Repair/replace Exhaust Flange on Catalytic Converter (91 Ford Truck)





Introduction: Repair/replace Exhaust Flange on Catalytic Converter (91 Ford Truck)

replace a rusty exhaust flange connector on a catalytic converter where it connects to the exhaust manifold. This will save replacing the entire catalytic converter as in this application the end of the pipe is flaired and/or in some applications the flange is spot welded to the end of the pipe.

Step 1: 1 Parts Needed, TWO Exhaust Flanges for the Proper Size Pipe. (example #240880 EXHAUST PIPE FLANGES JC Whitney .com) 2 Small Nuts and 2 Small Bolts (sized by Holes Drilled Later)

Step 2: Tools Needed; Hacksaw or Powered Cutter Wheel Etc.; Drill and Bits

Step 3: Cut Flanges As Indicated

Step 4: Place One Flange Over the Other and Drill Holes As Indicated.

Step 5: *** NOTE*** Make Sure That the Pipe and Manifold on Your Vehicle Are Cool Enough to Work On.

Step 6: Cutoff/remove the Old Flange From the Pipe.

Step 7: Install One Flange Over the Pipe and Then Slide the Other Half Over the Pipe.

Step 8: Align the Flanges and Secure Together With Nuts and Bolts Through the Drilled Holes.

Step 9: Slide the Flange Into Place and Secure to Exhaust Manifold.

Step 10: For Broken/corroded Studs Bolts on Exhaust Manifold Use (Example) 470112 CLAMP-A-STUD W/O HEAT RISER... See JC

The completed repair



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    10 Discussions

    Exactly, to a T, what I was looking for, you are brilliant. Thanks for doing my homework. I owe you a coke.

    Have not seen work like that in a long time. every one want's to weld. Good luck finding a sdud clamp.

    from reading this it seams to me that your calling the exhaust manifold or the Y-pipe the "converter"

    dont do that any more.

    1 reply

    NO , as illustrated by the photo the exhaust manifold is connected to the catalytic converter ..

    I like your do-it-yourself attitude. I truly appreciate it and I am a patron saint of the local salvage yards. However, I have learned to not touch exhaust systems. Call around your local small shops (NOT Midas, etc) and ask them how much it would be. I have broken more studs, skinned more knuckles, gouged out more parts of my hand and generally caused more bodily damage dealing with exhaust systems than I have with all other automobile work and sports combined. Thanks for letting me know about the JC Whitney Clamp-a-stud clamp. It's a trick part that will come in useful one day when I ignore my own advice :-)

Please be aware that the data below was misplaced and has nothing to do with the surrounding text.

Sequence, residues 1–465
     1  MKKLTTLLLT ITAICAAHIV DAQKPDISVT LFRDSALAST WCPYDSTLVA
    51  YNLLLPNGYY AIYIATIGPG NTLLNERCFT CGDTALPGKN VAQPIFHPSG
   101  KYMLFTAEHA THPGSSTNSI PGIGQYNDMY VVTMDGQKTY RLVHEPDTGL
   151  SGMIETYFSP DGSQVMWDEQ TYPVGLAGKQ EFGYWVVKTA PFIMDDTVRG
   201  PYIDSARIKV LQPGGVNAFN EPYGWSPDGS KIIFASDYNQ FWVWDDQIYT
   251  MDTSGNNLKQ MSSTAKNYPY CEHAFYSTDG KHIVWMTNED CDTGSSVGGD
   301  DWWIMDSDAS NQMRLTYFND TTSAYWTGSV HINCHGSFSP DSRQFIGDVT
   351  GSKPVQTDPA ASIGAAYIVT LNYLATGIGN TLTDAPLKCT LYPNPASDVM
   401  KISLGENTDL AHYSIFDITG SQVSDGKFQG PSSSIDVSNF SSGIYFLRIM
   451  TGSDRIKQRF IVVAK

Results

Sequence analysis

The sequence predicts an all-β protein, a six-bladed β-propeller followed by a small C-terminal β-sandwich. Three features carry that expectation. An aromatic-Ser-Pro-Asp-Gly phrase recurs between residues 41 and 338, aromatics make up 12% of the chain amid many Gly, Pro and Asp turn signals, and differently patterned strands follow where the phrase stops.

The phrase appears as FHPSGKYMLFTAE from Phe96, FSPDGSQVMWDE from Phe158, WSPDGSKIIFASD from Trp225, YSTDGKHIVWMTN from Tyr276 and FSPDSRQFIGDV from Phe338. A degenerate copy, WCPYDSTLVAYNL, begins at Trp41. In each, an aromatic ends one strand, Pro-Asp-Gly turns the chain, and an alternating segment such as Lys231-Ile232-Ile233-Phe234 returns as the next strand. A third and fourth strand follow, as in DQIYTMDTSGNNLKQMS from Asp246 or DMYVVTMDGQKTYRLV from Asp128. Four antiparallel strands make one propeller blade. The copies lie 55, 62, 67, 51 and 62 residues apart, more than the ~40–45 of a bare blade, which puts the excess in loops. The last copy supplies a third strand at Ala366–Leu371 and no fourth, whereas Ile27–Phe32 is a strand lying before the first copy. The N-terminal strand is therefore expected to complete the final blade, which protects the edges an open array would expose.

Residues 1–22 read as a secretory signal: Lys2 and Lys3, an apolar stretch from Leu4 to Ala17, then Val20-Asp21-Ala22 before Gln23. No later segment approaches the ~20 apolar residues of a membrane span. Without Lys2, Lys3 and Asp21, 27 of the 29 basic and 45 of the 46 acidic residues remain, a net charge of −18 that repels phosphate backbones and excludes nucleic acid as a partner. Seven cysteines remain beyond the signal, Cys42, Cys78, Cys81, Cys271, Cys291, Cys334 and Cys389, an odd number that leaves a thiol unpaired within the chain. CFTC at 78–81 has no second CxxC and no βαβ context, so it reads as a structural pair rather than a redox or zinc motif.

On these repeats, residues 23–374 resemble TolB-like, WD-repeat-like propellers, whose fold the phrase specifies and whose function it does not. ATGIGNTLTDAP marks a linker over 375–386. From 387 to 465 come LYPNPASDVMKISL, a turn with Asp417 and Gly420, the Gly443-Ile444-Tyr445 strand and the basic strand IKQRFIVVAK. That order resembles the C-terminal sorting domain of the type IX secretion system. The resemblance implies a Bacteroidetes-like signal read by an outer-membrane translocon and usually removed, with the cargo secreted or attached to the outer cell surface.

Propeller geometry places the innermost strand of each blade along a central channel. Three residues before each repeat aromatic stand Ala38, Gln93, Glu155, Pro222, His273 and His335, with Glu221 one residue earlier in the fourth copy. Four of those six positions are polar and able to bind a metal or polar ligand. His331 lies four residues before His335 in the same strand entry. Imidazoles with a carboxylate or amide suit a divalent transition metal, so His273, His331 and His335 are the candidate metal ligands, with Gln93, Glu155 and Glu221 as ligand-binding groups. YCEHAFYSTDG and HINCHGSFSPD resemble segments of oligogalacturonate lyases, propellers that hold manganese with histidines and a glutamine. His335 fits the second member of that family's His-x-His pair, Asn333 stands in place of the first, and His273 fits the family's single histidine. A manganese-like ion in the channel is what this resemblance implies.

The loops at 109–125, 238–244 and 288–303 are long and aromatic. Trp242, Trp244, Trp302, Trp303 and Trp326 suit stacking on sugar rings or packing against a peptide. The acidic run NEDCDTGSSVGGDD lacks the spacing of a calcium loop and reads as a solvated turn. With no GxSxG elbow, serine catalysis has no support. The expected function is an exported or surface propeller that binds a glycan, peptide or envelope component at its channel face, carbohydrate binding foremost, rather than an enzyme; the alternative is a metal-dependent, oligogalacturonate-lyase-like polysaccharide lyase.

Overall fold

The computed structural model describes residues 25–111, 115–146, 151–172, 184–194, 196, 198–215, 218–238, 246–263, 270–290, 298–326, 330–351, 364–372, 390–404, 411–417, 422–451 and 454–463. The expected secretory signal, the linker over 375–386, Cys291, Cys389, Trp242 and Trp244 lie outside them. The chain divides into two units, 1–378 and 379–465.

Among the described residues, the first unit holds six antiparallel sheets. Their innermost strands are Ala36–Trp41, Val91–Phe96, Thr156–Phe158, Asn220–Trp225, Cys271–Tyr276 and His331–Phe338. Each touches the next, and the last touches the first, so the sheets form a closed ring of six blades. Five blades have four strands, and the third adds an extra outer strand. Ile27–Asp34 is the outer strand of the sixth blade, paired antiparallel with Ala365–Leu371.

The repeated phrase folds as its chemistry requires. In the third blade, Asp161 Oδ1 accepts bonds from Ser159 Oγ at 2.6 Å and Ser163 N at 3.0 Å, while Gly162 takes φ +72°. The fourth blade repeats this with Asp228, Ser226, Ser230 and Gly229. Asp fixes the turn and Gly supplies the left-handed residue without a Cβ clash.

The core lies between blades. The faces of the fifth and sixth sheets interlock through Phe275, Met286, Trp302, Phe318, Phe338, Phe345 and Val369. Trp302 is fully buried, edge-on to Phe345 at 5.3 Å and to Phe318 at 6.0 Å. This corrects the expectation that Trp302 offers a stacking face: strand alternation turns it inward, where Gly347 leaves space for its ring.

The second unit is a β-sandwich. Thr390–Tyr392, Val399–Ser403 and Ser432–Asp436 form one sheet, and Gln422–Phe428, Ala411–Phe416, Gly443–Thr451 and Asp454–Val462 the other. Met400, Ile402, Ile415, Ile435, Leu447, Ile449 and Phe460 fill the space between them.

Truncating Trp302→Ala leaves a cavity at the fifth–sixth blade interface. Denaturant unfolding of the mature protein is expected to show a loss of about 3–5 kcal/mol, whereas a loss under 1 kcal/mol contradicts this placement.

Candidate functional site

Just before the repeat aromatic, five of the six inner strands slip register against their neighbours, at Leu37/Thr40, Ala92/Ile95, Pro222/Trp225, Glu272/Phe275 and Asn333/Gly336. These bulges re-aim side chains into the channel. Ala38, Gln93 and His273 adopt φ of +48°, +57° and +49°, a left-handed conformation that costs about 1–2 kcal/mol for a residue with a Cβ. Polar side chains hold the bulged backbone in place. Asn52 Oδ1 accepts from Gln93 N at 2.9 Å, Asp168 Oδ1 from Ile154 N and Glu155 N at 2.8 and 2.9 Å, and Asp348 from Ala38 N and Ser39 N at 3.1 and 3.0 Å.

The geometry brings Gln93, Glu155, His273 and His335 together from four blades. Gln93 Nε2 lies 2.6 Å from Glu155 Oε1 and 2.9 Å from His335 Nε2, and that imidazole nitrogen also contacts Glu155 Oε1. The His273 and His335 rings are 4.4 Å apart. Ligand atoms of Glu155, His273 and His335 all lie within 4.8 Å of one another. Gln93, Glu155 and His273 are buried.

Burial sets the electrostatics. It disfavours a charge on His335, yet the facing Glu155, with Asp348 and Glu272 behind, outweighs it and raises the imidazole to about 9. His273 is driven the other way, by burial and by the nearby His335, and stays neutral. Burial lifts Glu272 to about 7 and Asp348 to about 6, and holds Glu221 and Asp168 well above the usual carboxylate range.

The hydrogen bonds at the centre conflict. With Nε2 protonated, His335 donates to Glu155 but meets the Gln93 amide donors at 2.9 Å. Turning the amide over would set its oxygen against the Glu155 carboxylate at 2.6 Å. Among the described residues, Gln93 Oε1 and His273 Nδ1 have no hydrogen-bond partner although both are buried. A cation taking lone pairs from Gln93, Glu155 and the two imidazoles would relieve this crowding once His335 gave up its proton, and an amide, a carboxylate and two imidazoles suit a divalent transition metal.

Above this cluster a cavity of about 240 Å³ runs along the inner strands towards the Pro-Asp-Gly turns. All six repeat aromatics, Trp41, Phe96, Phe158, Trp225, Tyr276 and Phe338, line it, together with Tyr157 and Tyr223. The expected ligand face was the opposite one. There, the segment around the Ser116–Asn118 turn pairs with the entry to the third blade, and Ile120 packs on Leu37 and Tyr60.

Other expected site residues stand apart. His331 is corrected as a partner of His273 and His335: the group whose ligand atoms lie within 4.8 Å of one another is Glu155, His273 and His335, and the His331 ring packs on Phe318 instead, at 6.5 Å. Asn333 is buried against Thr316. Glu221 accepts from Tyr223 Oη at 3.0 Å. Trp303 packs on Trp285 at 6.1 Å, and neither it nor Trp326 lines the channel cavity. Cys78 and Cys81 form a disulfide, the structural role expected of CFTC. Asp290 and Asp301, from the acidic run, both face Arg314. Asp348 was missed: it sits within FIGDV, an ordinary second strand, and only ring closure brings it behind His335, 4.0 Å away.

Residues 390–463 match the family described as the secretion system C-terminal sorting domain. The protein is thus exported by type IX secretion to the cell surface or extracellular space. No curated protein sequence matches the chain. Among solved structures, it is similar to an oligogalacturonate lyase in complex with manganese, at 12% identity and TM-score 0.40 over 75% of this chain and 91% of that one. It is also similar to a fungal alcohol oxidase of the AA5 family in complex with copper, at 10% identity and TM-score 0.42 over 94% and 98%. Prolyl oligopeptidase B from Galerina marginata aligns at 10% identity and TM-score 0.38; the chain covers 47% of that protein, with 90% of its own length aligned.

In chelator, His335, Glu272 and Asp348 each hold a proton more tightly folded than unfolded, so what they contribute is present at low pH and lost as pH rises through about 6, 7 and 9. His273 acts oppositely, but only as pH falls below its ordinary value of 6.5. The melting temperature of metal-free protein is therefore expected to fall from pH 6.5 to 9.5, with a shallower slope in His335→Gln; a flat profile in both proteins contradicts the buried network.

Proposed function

3 replies

    I did not hesitate to tackle this problem , yes there are some exhaust problems on certain vehicles i would not repair without the proper tools and equipment if time was a consideration. Since this truck has a lot of ground clearance and the exhaust system is easy to get to I have replaced most of the components from the converter to the tail pipe. However I have learned that skinned knuckles can be avoided by wearing work gloves and recommend protective eye wear. I can usually count on replacing studs/clamps etc. by looking at them and assuming they will break. How this repair would cause "bodily damage" is questionable. The point of many of these Instructables is that the reader assumes and assess the risks whether baking a cake or constructing a jet engine in the pursuit of knowledge and experience. I do not call many repair facilities and don't know if they would do a repair like this or just replace the entire catalytic converter. Good Luck leebryuk

    Chillax man...I said that you did a good job. I also thanked you for the trick studs from JC Whitney. I wear varying gloves (from nitrile to leather knuckle beasts.) Hands still slip every so often and I bruise something (fingers, wrists, forearms, elbows, etc.) That's what "bodily damage" means. Me and exhaust systems go way back and I don't care for working on them. I have to yank my engine from my Saab 900 to replace the front oil seal (for those who are not aware of the Saab magic, the engine is inline, but is ass backwards.) Some people can do it if they have thin arms. I don't have thin arms, more of a pop-eye look. So I have began the regiment of PB blaster a month ahead of time. That means I wait for the engine to cool down and soak the living h*ll out of every nut and bolt relating to the exhaust. I also have an impact wrench and will go to church before I attempt to loosen that first exhaust stud. And yes, repair shops will weld a new flange for you. Call a small one and ask around. Tell them what you want. Bargain a bit (can you help me with that price?). Don't show up in your sailing regatta hat. Bring some Gatorade with you as a thank you. You'll be surprised what a 12 pack of Pepsi will help you with. They can get a converter off in seconds, weld a replacement flange and have it on within another 10 minutes. Also, generic replacements abound for $40-60 nowadays. The moral of this story, play nice with your local small shops, show gratitude with cola, DIY and just relax as a whole.

    yes leebryuk, thank you for your comments, I think I get the point of "Chillax man", but I have posted this repair as an Instructable . Had I utilized a local repair shop, would I post an instructable stating that to repair a exhaust flange would be to bring it to a shop and have it welded? Some people consider some Instructables a sort of hack but that's who we are. I have friends who I would consult should the need be, but the do-it-yourself creed says use your own resources and knowledge first, save $$$ and post here for all to see. It's fun and relaxing as a whole !!

    just to let you know , this repair is still in place today